A New Year (& New You)
by: Remie Longbrake | published: Jan 3, 2019
What I enjoy about the first of each New Year, is that it can be a renewed effort to focus and implement new ideas. Obviously the most common resolution would be to be fit, or to lose weight. If only it were so easy. In today's age with so many distractions it's ever increasingly difficult to stay on a committed path however.
It's believed that less then ten percent of resolutions end up successful. Of course it's not just physical activities that make the resolution list. Other common resolutions are to find a new job, save more money, get out debt, and eat healthier.
I believe that most people do not keep their resolutions because it's really hard. It's takes a commitment to do something new for one. It's also easy to become distracted with life's events, kids, families and other obligations.
To be more fit, it's likely you will either need to get up earlier or after work find time to work out. That's likely to take time away from either sleep or family time in the evenings. Neither of which will prove to be easy. There is also the membership cost and the time invested. Generally the new year is the best time to join a gym on a cost standpoint, as many gym's have introductory pricing. It's advisable to do your research on a gym. Get a tour if possible, along with all the amenities. You may have to sign a contract, but there may be money savings available. Many have showers, pools-sometimes heated, a sauna, specialized courts, walking area, along with free weights, machines and other items. Those with kids, there may be baby sitting available, which may be free. I would also ask about the classes offered. It's a great way to get it shape, meet people and hopefully stay committed together.
If goal is to find a new job, that will take considerable time to update a resume, research you're current value, job openings, research the companies, talk with your references. When you find something you will likely need to take time out of your current job to talk with the prospective employers for two or three interviews. Key is to stay positive through out the process. You are selling yourself, so put in your best effort and always smile!
If goal is to save money, first you should have a budget. Even with the budget, you'll need to plan for what your goal is. Say 5% of each paycheck, save back for savings. There may not be that much left after planning a budget, but it may be possible to cut back on eating out, or the grocery bill or even refinance a loan if the potential for savings is there. The power of compound interest is great, so it's definitely worthwhile to save sooner rather then later and save as much as possible.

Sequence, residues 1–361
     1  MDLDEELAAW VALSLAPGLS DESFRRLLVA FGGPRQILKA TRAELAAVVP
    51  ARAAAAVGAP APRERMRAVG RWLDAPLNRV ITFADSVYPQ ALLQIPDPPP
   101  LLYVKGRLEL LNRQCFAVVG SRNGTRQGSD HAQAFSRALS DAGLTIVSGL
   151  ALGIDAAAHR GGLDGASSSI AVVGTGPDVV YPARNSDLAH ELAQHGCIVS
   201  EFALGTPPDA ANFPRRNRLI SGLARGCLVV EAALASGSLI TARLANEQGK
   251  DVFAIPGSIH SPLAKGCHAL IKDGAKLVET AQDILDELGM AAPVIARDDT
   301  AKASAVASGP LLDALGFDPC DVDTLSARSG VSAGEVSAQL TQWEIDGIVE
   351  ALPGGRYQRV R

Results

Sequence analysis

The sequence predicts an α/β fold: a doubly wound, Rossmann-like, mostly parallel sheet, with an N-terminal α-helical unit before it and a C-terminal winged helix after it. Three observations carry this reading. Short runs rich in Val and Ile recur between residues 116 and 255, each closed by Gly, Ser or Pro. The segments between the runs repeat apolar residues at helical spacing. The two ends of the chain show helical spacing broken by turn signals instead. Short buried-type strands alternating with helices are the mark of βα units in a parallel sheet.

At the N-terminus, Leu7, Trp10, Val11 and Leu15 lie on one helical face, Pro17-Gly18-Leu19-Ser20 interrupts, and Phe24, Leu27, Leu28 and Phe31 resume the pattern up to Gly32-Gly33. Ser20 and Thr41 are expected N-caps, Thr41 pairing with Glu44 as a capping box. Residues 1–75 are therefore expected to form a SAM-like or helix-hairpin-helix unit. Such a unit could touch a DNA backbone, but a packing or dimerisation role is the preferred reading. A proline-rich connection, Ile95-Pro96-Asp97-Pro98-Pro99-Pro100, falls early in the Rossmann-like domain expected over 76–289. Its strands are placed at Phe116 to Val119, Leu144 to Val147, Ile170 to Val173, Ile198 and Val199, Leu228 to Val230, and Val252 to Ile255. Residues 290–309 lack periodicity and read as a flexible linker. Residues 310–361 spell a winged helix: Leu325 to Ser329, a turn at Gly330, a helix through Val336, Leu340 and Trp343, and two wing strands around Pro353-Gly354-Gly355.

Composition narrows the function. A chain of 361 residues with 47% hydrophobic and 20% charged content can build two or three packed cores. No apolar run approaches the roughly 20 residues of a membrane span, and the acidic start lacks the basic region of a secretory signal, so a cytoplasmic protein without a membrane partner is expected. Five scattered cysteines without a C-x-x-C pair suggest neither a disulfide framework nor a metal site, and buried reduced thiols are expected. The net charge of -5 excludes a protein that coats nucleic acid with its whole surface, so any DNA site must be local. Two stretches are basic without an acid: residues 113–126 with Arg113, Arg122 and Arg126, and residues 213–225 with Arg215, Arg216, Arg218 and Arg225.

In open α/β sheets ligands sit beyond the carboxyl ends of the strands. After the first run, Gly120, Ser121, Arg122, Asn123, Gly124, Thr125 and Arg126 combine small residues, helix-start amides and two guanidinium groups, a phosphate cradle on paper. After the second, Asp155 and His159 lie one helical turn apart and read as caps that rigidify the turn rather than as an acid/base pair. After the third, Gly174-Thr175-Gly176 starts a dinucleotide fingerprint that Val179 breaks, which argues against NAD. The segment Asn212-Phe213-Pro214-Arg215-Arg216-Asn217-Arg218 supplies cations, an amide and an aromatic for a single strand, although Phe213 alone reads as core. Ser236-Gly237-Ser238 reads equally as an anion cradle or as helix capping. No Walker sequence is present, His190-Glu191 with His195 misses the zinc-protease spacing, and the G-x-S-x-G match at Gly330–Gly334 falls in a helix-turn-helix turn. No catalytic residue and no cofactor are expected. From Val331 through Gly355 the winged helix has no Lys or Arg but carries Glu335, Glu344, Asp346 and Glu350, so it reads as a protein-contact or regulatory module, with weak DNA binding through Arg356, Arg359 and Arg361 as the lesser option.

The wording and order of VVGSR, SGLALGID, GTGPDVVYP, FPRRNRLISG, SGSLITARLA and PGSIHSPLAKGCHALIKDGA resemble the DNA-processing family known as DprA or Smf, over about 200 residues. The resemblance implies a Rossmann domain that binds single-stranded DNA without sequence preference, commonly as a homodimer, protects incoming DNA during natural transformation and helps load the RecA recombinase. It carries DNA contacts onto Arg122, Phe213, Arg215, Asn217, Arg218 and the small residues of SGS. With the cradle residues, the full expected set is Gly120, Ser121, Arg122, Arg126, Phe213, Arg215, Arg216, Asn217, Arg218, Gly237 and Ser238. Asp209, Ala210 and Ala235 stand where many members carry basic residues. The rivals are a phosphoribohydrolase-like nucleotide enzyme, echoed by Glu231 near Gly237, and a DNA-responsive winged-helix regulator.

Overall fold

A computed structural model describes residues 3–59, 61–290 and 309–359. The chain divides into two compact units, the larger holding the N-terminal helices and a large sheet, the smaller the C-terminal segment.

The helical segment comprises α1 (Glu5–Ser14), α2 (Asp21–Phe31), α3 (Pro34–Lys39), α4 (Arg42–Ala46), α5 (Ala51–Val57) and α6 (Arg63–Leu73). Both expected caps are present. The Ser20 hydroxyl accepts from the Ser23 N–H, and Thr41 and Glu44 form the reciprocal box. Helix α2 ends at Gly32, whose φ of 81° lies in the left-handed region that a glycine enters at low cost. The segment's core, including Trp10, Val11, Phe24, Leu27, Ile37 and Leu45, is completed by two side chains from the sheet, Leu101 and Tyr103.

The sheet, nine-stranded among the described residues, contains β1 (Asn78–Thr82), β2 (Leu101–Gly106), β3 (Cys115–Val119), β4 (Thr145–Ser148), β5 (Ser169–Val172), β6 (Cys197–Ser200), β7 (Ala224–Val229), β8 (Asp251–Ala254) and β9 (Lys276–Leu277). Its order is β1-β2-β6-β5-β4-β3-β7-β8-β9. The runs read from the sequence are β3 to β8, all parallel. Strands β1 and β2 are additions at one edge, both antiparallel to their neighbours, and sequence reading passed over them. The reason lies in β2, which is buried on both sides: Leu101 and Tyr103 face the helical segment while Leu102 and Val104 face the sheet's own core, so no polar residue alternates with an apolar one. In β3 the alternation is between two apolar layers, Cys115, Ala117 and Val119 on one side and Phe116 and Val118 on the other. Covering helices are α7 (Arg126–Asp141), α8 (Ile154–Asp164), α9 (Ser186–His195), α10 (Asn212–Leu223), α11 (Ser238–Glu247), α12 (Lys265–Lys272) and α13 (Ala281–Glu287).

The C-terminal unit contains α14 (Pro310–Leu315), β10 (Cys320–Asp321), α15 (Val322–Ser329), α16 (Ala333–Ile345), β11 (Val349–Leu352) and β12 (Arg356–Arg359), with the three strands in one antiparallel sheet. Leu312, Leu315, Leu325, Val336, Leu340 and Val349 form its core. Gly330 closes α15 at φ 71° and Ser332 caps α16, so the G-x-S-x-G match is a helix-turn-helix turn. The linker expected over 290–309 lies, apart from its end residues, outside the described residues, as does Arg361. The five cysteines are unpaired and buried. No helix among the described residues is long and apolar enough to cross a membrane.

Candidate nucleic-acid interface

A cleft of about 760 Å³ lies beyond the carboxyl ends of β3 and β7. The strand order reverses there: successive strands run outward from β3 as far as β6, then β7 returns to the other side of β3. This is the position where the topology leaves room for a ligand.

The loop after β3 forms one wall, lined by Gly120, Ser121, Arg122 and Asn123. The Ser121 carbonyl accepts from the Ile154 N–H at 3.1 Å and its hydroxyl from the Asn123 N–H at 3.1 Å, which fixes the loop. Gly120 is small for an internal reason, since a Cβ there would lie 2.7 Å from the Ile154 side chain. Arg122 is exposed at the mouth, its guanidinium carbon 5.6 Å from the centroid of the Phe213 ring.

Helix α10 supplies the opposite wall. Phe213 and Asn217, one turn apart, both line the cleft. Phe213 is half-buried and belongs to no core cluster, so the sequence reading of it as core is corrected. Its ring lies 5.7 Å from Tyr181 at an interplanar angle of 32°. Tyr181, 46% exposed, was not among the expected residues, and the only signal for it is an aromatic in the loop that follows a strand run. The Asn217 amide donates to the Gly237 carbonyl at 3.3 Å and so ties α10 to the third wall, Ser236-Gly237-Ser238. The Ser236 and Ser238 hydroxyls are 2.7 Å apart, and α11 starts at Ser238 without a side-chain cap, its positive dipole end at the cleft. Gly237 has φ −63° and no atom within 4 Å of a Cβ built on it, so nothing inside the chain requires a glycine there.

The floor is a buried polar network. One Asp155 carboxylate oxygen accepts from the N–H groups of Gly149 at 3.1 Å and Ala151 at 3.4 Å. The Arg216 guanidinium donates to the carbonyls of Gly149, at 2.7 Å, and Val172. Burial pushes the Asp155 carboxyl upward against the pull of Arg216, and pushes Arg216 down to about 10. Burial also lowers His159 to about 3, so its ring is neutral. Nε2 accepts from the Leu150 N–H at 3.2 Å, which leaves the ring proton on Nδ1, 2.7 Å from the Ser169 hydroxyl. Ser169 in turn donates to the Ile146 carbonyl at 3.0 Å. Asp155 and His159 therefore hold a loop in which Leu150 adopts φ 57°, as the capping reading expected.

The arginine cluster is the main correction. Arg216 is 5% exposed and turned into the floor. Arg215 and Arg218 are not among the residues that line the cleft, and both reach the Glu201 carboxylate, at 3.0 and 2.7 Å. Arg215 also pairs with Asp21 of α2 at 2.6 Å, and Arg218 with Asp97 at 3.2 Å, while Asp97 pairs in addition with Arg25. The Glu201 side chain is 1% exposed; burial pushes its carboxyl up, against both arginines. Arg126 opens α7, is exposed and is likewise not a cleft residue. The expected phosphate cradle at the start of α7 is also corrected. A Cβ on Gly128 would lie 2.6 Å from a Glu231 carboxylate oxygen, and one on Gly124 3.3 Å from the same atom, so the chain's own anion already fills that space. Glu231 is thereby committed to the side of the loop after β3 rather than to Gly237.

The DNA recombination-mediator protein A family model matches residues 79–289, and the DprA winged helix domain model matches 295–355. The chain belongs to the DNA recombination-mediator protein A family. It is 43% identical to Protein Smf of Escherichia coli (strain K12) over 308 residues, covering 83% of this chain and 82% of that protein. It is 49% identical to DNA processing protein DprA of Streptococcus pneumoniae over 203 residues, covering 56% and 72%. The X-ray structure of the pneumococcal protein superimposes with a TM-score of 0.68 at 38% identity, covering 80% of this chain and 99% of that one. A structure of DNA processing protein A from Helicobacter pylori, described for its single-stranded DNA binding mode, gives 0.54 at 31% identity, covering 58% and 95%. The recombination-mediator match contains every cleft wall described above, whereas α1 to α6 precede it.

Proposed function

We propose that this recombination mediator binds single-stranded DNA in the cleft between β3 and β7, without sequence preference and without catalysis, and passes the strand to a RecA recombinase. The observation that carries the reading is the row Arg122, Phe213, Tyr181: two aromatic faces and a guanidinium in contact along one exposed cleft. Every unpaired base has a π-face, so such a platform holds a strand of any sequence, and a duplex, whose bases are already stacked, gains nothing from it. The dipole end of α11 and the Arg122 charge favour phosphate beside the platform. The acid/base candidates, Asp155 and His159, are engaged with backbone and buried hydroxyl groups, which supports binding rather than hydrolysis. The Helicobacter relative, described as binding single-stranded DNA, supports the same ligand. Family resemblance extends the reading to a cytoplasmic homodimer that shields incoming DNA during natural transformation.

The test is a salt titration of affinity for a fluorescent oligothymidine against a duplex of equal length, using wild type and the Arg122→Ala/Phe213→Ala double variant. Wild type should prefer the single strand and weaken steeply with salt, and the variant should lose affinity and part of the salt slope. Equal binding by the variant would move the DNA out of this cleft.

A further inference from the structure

The same with getting out of debt. It can certainly be more difficult to get out of debt then saving money. In this case, interest is working against you. It's crucial to understand not only to get into debt but to get out as soon as possible. It is inherently important to have a plan and to stay committed. Don't be embarresed to talk with anyone who may be able to help. The key is to be honest about the situation and get focused.
And finally in my example, if the resolution is to eat healthier, then it all starts one meal at a time. It's important to look at each meal and plan for that and to not lose sight to the big picture. Before you get to the grocery, think of the meal you would like to have. Write down all the ingredients on your list. There are also phone apps that can help with planning. Once at the store, generally the most healthy options are in the perimeter of the store. That is usually where the produce, vegetables, meats, and daily are located. It may be beneficial to talk with the doctor or a nutritionist, see where you are health wise. Have a consult and see what a good goal should be regarding your weight and your eating habits.
There are any number of good, valid resolutions that can be a proactive approach to a more fulfilling life. I would recommend making a year end goal for where you want to be regardless of the resolution. I would also advise making intermittent goals as little as bi-yearly, monthly, weekly or even daily. It's possible to track goals with pen and paper, apps on the phone, or a combination of both. What ever it takes to stay on track. I would also recommend to get someone you can be accountable to. Someone you trust and can confide in and who will not let you off the hook. It's nice that you can return the favor for them and help others stay committed to their goals. Being able to help each other is wonderful, and we're all more likely to follow our goals with a common bond. The more the goals are in front of you the more likely success will be. Keep in mind, the larger the goal the larger the commitment. It's important to sit and think about what you want to become, how much time it will consume and what the benefits are upon completion.
We all have the right to live the life we envision. Do not get discouraged. Your resolution is entirely possible with the right mindset. You can do this!
To a successful 2019!